Cannibals and Zombies -- Straight out of Little Egypt Card Tricks. A closer combining strong ideas from Bob Stencel and Bert Allerton.
Marlo’s Perfect Stop Trick -- An old one for me, but a new touch from Bill Malone raises the ante on how deceptive this is. (From the Malone/Marlo DVDs.)
Marlo’s Simple Triumph -- One of the easiest Triumphs you can do yet will fool magicians. From Bill Malone's Here I Go Again DVDs from L&L. These of course are also great fun to watch.
Spectator Cuts and Counts Down to the Aces -- Great followup to Spectator Cuts to the Aces. Did this as a running gag through the summer, with the same little girl cutting to the aces. What luck!
Card Artistry -- Justin Flom’s great trick with which you “paint” the Mona Lisa with playing cards and she identifies the selected card for you.
You Spelled It, You Dealt It -- David Williamson’s wacky spelling trick from his Vanishing, Inc. lecture download.
Slop Shuffle -- Still a masterpiece from Sid Lorriane.
Vice Versa -- A Jim Ryan classic and a terrific out if a previous trick messes up. This is how I first saw it done after a young lady failed with the Slop Shuffle trick.
Devilish Miracle – Lots of methods out there. I favor Jim Ryan’s.
Deep Throat -- More Jim Ryan influence, getting silly with a flashlight and a Superman theme. From Little Egypt Card Tricks.
Return to Motel 666 -- A scary interlude from The Little Egypt Book of Ghosts.
Duffie Deep Sixed – A closer from The Little Egypt Book of Numbers. The specs have no clue.
One Deck Do As I Do – The first trick I performed after joining the Magic Castle in 1968. I have always attributed this to Jay Ose (it was published under his name in Genii and in Vernon’s Ultimate Card Secrets), but I recently found it published earlier in Al Baker's Magical Ways and Means (1941).
Super-Clean Ace Assembly – This Marlo ace assembly fooled me badly. From the Malone/Marlo DVDs.
The Unexpected Prediction -- A Marlo comedy presentation for anywhere, any time, any deck. From the Malone/Marlo DVDs.
Forte's No Look Aces -- You really shuffle the deck, show no aces on the top or bottom, then cut to an ace, four times in a row. Looks like the real thing. From Bill Malone's Here I Go Again DVDs.
Comedy Blackjack -- I used jumbo cards, dealing myself a seven and a fourteen of spades.
The Match Game -- I just made that title up. This was a new card matching routine that Caleb Wiles showed me at the TFD convention.
26! – Caleb Wiles’ masterpiece, from High Spots.
Invisible 21 -- Jack Parker’s version of the 21-Card Trick in which the selected card vanishes. From Racherbaumer’s excellent The 21-Card Trick.
Mr. E Takes a Stroll -- The best trick in John Guastaferro’s One Degree. A very sneaky takeoff on Bro. John Hamman’s Signed Card.
Assembly Line -- From Ready Set Guastaferro, John’s latest e-book. The four jacks vanish from packets held by three spectators to assemble in the packet held by the fourth.
Heavy Breather -- My favorite Allan Slaight trick, from Spins and Needles. The aces are freely buried in different parts of the deck, the magician deals ten hands and gets them. It is quite funny and deceptive when he fails to get the fourth ace and eventually gets it on the next round. Then he offers to deal five, six, or seven hands and gets the royal flush.
Triple Humdinger -- A lovely Peter Duffie bar trick in which you write three predictions on three napkins.
Beyond the Veil -- A friend in the spirit world identifies two selected cards. This summer I peered into a crystal ball to contact him. In The Little Egypt Book of Ghosts and in The Little Egypt Gazette, British issue.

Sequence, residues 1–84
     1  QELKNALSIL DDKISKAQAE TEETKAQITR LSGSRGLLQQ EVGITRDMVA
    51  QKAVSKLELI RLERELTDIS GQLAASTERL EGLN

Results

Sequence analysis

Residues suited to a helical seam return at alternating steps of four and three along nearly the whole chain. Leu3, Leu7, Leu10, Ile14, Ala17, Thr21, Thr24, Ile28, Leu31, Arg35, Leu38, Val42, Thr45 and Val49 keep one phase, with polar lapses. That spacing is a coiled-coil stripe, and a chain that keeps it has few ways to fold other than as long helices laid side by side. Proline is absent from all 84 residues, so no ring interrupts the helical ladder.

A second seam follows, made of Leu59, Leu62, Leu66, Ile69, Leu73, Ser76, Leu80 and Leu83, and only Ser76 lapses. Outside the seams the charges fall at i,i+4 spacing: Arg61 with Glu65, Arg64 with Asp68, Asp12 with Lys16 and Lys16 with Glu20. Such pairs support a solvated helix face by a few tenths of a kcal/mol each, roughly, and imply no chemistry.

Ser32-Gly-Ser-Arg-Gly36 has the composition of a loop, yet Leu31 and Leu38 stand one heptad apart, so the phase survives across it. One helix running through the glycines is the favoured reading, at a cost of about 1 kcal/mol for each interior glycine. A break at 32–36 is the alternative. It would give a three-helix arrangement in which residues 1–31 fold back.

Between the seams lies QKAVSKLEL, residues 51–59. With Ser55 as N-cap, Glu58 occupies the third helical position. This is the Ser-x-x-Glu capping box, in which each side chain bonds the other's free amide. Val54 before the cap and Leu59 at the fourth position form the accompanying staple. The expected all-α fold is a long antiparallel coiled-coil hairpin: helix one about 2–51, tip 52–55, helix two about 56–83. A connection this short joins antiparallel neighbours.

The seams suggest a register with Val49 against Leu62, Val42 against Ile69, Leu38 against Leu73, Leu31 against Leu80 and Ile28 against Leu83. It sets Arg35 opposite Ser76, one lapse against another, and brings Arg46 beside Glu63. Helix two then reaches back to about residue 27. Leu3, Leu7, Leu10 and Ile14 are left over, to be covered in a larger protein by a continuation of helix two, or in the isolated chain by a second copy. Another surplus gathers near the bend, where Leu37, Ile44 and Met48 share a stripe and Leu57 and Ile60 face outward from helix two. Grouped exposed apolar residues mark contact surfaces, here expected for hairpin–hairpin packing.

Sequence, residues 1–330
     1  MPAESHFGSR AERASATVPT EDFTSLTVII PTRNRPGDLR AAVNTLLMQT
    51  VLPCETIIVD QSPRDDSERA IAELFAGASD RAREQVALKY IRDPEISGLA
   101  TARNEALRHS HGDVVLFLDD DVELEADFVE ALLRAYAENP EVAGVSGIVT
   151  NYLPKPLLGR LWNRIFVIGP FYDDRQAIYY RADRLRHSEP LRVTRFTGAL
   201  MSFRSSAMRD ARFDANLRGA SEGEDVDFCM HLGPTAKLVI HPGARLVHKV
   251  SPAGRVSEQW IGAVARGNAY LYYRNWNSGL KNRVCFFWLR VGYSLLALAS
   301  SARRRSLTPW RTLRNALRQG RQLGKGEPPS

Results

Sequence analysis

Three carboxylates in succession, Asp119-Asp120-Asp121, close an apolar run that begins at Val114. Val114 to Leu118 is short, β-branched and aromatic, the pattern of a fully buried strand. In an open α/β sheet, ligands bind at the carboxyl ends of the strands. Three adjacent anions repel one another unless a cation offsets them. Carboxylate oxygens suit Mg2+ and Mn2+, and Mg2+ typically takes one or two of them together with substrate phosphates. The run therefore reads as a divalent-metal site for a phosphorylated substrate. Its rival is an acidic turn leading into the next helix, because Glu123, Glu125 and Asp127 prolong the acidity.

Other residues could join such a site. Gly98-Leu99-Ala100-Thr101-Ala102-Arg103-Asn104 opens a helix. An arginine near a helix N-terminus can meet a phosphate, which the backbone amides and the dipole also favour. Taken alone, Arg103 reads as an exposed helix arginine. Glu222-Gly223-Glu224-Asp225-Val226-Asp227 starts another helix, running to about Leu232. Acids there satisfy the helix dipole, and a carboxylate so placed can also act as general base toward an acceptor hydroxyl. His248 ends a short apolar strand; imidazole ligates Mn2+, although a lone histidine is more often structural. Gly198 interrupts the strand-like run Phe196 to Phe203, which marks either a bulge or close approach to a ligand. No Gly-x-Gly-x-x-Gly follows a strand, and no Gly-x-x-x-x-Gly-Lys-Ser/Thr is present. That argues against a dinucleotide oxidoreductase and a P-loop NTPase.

Deep Astonishment -- Paul Harris’s masterpiece. See The Little Egypt Book of Ghosts for my mnemonic.
Well-Timed Miracle -- Tom Stone’s cool trick with a Svengali deck from Maelstrom. Instead of a real watch, I used a watch app on my iPhone.
Mullica Wallet -- I used Bill Abbott’s “autographs” routine from his DVD on close-up kid magic. Great reaction.
Chop Cup – Our big finale show this summer featured a sports theme, hence final loads of a large golf ball and a tennis ball. After decades of toying with this prop, I’ve finally settled on a fast routine that works for me, standing or sitting.
Torn and Restored Card -- From George Kaplan’s Fine Art of Magic (and inspired by seeing Doc Eason do a version). The torn pieces are dropped into a manila pay envelope through which you thread a ribbon. (In the sports theme act, the ribbon came from "my early years doing rhythmic gymnastics.") I used a card one of the kids had signed in a previous week, so this upped the mystery.
Who says less is more? What did you do for your summer vacation?
JINXED AGAIN -- Back in May 2011, when I reviewed the excellent Jinx Companion by Craig Conley, Gordon Meyer, and Fredrick Turner, I argued that it was delightful, clever, witty, thorough, and beautiful. Add to that list of adjectives portable. The Jinx Companion has now been issued as an iBook, the first in magic in this format from Apple. Just go to the iBook store and you'll find it at a bargain price of $8.95. You can install it on your iPad along with a full run of the Jinx itself and provide yourself with a guided tour that will last you hours and hours.
A Jinx activity kit for your iPad.
Congratulations to London for a terrific Olympics.
Little Egypt Magic is the erratically updated web site of Steve Bryant, spawned (the site, not Steve) by a former internet magazine known as The Little Egypt Gazette/for magicians only.
Steve Bryant is an obscure magician and writer who generates this site from an iMac in Bloomington, Indiana. He frequently journeys to and performs magic in Little Egypt, the local name for extreme southern Illinois, where the towns bear such names as Cairo, Thebes, and Karnak.